For more than a decade, Teradata, NCR’s data warehousing division, has been sitting proudly at the pinnacle of the database market. It has not been quite alone at the summit: many of Oracle and IBM’s biggest customers preferred to apply those vendors’ arguably less sophisticated databases to data warehousing in order to keep costs down. But the conventional view has long been that, assuming an organisation could build a business case for a Teradata engine, they would find it had no equal, particularly when it came to getting (comparatively) rapid answers to complex queries based on vast amounts of data.
This fact still holds true today, although Oracle and IBM continue to snap at Teradata’s heels. What has always set Teradata apart from the rest is its architecture: multiple Intel processors working in parallel, which gives it extraordinary scale. So much so, in fact, that Teradata believes it still has the market for databases containing at least 1 terabyte to itself, and is even moving onwards and upwards to build databases in the petabyte (1,000 terabyte) range.
But it is not just trying to find new peaks to scale. At Teradata’s annual European use conference in Paris, a lot of the talk, admittedly, was of speed and scalability. But the ‘i’ word – integration – seemed more prominent than before. That suggests the company believes it must do a better job linking its technology with front-end tools: and, just as importantly, this should be seamless enough to keep integration costs down. That way, Teradata may even be able to meet growing demand from smaller large enterprises and, perhaps, even medium-sized companies, which are at least beginning to explore the possibility of data warehousing.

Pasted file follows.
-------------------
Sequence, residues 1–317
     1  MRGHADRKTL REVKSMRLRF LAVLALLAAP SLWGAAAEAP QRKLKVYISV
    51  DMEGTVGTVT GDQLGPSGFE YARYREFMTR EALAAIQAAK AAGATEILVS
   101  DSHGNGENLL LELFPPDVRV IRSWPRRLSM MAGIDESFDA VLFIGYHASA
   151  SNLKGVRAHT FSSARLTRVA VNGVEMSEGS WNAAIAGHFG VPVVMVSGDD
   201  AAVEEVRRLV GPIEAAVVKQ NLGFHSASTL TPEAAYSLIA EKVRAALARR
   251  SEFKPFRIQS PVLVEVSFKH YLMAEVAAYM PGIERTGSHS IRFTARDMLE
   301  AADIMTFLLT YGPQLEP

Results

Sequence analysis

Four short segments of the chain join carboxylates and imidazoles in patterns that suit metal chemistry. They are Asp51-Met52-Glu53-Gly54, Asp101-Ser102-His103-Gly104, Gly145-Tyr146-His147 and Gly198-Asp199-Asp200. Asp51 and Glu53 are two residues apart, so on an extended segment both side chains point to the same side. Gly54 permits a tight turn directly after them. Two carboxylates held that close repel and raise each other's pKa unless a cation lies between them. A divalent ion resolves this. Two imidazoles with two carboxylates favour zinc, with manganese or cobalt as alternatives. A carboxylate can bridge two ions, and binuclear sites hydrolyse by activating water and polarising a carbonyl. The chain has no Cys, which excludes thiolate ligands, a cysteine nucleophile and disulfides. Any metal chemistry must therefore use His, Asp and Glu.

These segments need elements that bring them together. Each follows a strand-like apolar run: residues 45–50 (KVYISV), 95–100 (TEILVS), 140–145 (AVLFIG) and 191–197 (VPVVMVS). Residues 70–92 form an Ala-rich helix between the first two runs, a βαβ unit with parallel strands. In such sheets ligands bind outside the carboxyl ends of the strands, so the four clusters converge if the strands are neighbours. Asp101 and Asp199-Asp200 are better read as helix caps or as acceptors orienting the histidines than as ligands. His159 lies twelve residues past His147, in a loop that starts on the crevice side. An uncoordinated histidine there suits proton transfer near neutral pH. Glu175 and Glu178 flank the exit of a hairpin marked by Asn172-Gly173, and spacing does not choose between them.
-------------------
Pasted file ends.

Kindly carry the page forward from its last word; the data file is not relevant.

It might have its own applications, but Rob Armstrong, the director of technical marketing, says one of the company’s biggest challenges is establishing partnerships with third-party vendors. “We are trying to bring Teradata into a broader environment, so that they integrate and optimise on different platforms,” he says. Indeed, in the last few months, Teradata has announced two significant deals – with SAP and Siebel Systems – and more seem set to follow. In the case of the SAP initiative, engineers are blending Teradata software with SAP’s NetWeaver web services integration framework and other products, while in the Siebel case, the companies will work together to provide enhanced integration and optimisation between Teradata and Siebel’s analytics products. Siebel will also make Teradata one of its supported databases.
This integration activity has been well received by analysts, many of which are concerned about Teradata’s long-term prospects unless it can adapt and broaden its appeal. In the present day, the company goes from strength to strength: it now has more than 700 customers, including Vodafone and Lloyds TSB in the UK, and sales are growing steadily, totalling $1.2 billion in 2003 and jumping another 10% in the first quarter of 2004.
But Armstrong’s insistence in Paris that the company will continue to focus on the global 3,000 – “large companies, with lots of data and big requirements – did not go down well with everyone. “Oracle, IBM and Microsoft will certainly put upward pressure on,” says Gartner analyst Andy Butler. “Teradata is the Rolls Royce of the data warehousing market, but to successfully compete it may need to cascade the offering down to the Robin Reliants out there.”
Its inability to integrate with open source could prove to be another drawback, says Butler. But for now, at least, Teradata seems well placed to benefit from the data explosion.